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Understanding the meaning of Medical Device and Medical Device Regulatory Strategy


Medical Devices are defined differently in different parts of the world. At times, device manufactures don’t even know if the product is a medical device or in fact, is a wellness product.

To erase this confusion, our experts have created a simple guide to clearly define and help you self-classify your medical device as per the regulations in the EU and the US markets.


Launching your product in the EU? We can be your EU Authorised Representative! 

Let’s understand the legal definitions from the regulators:

The International Medical Device Regulators Forum (IMDRF) has taken several aligning efforts, yet there are regional differences in device definition, classification, requirements, and technical documentation. To understand these changes, let’s dive in deeper:


Section 201(h) of the US Federal Food, Drug and Cosmetic Act, FD&C Act
“An instrument, apparatus, implement, machine, contrivance, implant, in vitro reagent, or other similar or related article, including a component part, or accessory which is:
1. recognised in the official National Formulary, or the United States Pharmacopoeia, or any supplement to them,
2. intended for use in the diagnosis of disease or other conditions, or in the cure, mitigation, treatment, or prevention of disease, in man or other animals, or
3. intended to affect the structure or any function of the body of man or other animals, and
which does not achieve its primary intended purposes through chemical action within or on the body of man or other animals and which is not dependent upon being metabolised for the achievement of its primary intended purposes. The term “device” does not include software functions excluded pursuant to section 520(o).”


Article 2(1) of Regulation (EU) 2017/745 on medical devices (EU MDR)
“any instrument, apparatus, appliance, software, implant, reagent, material or other article intended by the manufacturer to be used, alone or in combination, for human beings for one or more of the following specific medical purposes: 
1.diagnosis, prevention, monitoring, prediction, prognosis, treatment or alleviation of disease
2.diagnosis, monitoring, treatment, alleviation of, or compensation for, an injury or disability,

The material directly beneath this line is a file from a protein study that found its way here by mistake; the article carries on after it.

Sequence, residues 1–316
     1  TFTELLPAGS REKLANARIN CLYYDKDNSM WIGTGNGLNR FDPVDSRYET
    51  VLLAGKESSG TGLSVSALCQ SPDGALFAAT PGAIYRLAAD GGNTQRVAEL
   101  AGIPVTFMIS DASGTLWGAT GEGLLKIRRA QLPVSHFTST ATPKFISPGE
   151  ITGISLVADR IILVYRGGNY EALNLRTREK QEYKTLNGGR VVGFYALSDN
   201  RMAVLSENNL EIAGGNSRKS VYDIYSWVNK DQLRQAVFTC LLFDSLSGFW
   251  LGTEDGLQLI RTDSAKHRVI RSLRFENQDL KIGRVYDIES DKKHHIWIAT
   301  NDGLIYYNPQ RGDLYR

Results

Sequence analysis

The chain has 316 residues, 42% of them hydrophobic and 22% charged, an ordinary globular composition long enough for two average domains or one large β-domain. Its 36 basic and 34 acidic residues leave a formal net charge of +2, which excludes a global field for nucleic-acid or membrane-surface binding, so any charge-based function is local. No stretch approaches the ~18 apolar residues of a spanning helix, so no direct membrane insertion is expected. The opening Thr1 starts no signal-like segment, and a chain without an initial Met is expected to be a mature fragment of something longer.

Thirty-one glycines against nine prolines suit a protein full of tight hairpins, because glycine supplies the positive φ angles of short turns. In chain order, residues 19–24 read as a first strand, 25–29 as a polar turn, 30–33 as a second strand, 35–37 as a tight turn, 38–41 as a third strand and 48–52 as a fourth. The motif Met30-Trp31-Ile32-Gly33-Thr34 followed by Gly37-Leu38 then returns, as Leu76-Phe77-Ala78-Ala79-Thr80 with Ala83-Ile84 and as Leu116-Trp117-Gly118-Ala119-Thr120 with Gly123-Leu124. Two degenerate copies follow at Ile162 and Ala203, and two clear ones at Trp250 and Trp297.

3.investigation, replacement or modification of the anatomy or of a physiological or pathological process or state,
4.providing information by means of in vitro examination of specimens derived from the human body, including organ, blood and tissue donations,
and which does not achieve its principal intended action by pharmacological, immunological or metabolic means, in or on the human body, but which may be assisted in its function by such means.
The following products shall also be deemed to be medical devices:


Find out how to identify your device as per USFDA guidance: Identify if your device is a medical device and as per European guidance: EU MDR guidelines

Apart from the definition of a medical device, every regulatory authority has further divided medical devices into certain classifications or ‘classes’. You can read here about product classification. 


After defining your product, let us understand the meaning of  Medical Device Regulatory strategy.


While developing your medical device and the sales plan, you will spend time determining and making careful decisions about your Target Market. The commercialisation strategy and plan should also consider the regulatory requirements of your target markets. Too often, manufacturers will ignore the regulatory requirements in their target market negatively impacting on the market reach of their innovation.


Lucrative factors like revenue and market share often overshadow the regulatory requirements, and manufacturers are lured into spending more time on economic advantage and, at their peril, ignore the regulatory considerations. While deciding on the target market, manufacturers should weigh up the potential lucrative economic factors with the regulatory requirements of that target market.


A well thought out regulatory strategy will provide you with a pathway to enhance your production, business development and marketing plans. Shortcomings in the regulatory strategy will directly impact the product reach in the market and hamper business activities. To avoid potential catastrophe, focus on this 3 point formula:

  1. Describe your product and check the Regulatory requirements against this description
  2. Plan your market access activities in parallel to your regulatory strategy (Regulatory and Marketing strategy can go hand in hand)
  3. Approach our medical device experts at Med-Di-Dia who will check your product is correctly classified and that you understand the regulatory pathway to commercialisation

With this 3 step formula, you will be able to protect your medical device from any regulatory mishaps. You’ve heavily invested time, money and resources into your medical device so don’t ignore the importance of regulations.  If you do, you will put your business at risk, delaying innovation and denying future patients access to your device. 


Remember: the medical device is your innovation and providing regulatory support is our passion!

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Call: +353 (0)91-704804



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